10 Questions: Matt Roberts, CDT

March 21, 2012

01. You established CMR Dental Lab in 1978. How and why did you add educator to your role as a laboratory owner/technician? I was doing support for Dr. Bill Dickerson for his office before he started LVI and we had lots of doctors coming through the course learning the techniques that he was teaching and yet they had no technicians to send to when they got home. Our laboratory was overbooked so we started training technicians for the dentists who were participating in the course. 

01. You established CMR Dental Lab in 1978. How and why did you add educator to your role as a laboratory owner/technician?

I was doing support for Dr. Bill Dickerson for his office before he started LVI and we had lots of doctors coming through the course learning the techniques that he was teaching and yet they had no technicians to send to when they got home. Our laboratory was overbooked so we started training technicians for the dentists who were participating in the course. 

02. What challenges do today’s technicians face in terms of education? 

Some of the main challenges that we face today are time away from the bench to take education and also seeking out quality education. The number of programs out there has dwindled a little over the last 3 or 4 years and it’s a little bit tougher to get away from work to go in these economic times.

03. How does your Team Aesthetic Education program for dentists and technicians overcome these obstacles?

What we’ve done to combat that is offer our courses over the Internet. We have pay per view courses that you can watch from any place on the planet that you have a computer and Internet connection. That makes it a little easier to squeeze in as a lunch-and-learn with your team or over a weekend at home.

04. What differentiates this education from other offerings?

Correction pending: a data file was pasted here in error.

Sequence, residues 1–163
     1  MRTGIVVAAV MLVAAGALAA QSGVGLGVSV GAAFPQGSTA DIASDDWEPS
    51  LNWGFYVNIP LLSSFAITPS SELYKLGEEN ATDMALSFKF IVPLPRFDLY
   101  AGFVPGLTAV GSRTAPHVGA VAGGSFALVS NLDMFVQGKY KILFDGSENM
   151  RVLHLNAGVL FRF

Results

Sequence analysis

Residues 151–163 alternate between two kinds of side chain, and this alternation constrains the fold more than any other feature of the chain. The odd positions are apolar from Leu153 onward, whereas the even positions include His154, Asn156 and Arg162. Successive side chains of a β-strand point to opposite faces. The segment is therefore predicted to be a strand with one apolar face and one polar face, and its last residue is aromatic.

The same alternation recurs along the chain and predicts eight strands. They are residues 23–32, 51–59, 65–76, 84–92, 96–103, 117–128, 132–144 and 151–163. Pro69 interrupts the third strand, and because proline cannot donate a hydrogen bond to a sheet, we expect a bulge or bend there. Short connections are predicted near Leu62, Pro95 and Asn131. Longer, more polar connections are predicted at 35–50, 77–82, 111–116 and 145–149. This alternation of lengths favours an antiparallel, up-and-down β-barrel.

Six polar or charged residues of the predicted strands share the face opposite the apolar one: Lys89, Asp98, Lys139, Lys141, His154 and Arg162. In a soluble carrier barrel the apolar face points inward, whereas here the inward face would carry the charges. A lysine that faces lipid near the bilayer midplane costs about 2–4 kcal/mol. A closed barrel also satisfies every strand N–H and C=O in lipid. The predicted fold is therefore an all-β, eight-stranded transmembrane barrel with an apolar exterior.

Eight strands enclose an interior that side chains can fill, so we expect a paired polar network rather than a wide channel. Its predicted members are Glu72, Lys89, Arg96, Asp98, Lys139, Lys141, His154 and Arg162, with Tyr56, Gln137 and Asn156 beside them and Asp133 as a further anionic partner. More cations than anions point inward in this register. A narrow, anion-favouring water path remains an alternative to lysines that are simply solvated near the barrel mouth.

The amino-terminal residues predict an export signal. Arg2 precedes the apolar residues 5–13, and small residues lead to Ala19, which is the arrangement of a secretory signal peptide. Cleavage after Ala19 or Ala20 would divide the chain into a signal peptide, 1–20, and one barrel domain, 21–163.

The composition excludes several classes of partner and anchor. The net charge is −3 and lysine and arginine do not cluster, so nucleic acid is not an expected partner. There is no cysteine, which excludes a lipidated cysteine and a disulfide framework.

Our educational model is based on clinical dentistry and what sets us apart is the freedom to watch it at any time that you want and then re-watch it again for 10 days. Also, if you want to make it into a hands-on course, there are models available from Ivoclar Vivadent. Plus there are both clinical and laboratory aspects to it, so it works really well for a teaching venue for a study group with dentists and technicians together.

05. What has been the biggest change in terms of materials in recent years? 

Ceramic science over the last few years has changed dramatically. In recent years we saw a lot more zirconia based restorations, but there were high failure rates with layering. What’s changed in the last year or two is the use of e.max lithium disilicate, which has the necessary strength as well as translucency.

06. How have these material developments changed the way laboratories handle cases?

Lithium disilicate is taking over most of their business because the esthetics are really nice, the wear numbers are nice and it doesn’t break. Also, full-contour zirconia crowns is another newer material gaining popularity as an economical, non-esthetic alternative to gold occlusion.

07. What advice do you offer to laboratories in terms of communicating with their dentist customers?

Today’s standard is a combination of good digital photographs and video clips and those can be integrated with either Power Point or Key Note presentations along with notes that drive the direction of the case and explain everything. Rather than a paper lab script, it’s an electronic lab script with all the multimedia to really elevate what’s going on with the patient. iChat and Skype video conferencing also are very valuable tools for communication.

08. What are your thoughts on digital impressions and how they fit in with the laboratory industry?

They are definitely here to stay. Studies comparing them to physical impressions show favorable results and they improve the workflow. We use iTero and I can be designing the crown before I even have the model here. It really compresses the turnaround time.

09. Today, many labs are using outsource mills and many others are considering this. How can a lab determine if this is best for them?

With the speed that technology’s coming at us, you can’t afford to buy every new system that comes at you. I think it’s a good time to depend on networking and peer groups and then to look at the option of either buying a machine and having enough business to pay it off before it becomes obsolete, or finding what I believe is an attractive option of working with an outsource center.

10. Will all this technology make the need for qualified lab technicians become scarce?

Digital technology isn’t replacing all aspects of what we’re doing at all. What the dental technician has to offer is his knowledge of dentistry and of how things should be done…How the shapes, the form and the function all come together. With newer technologies we have a different set of tools to apply the same knowledge.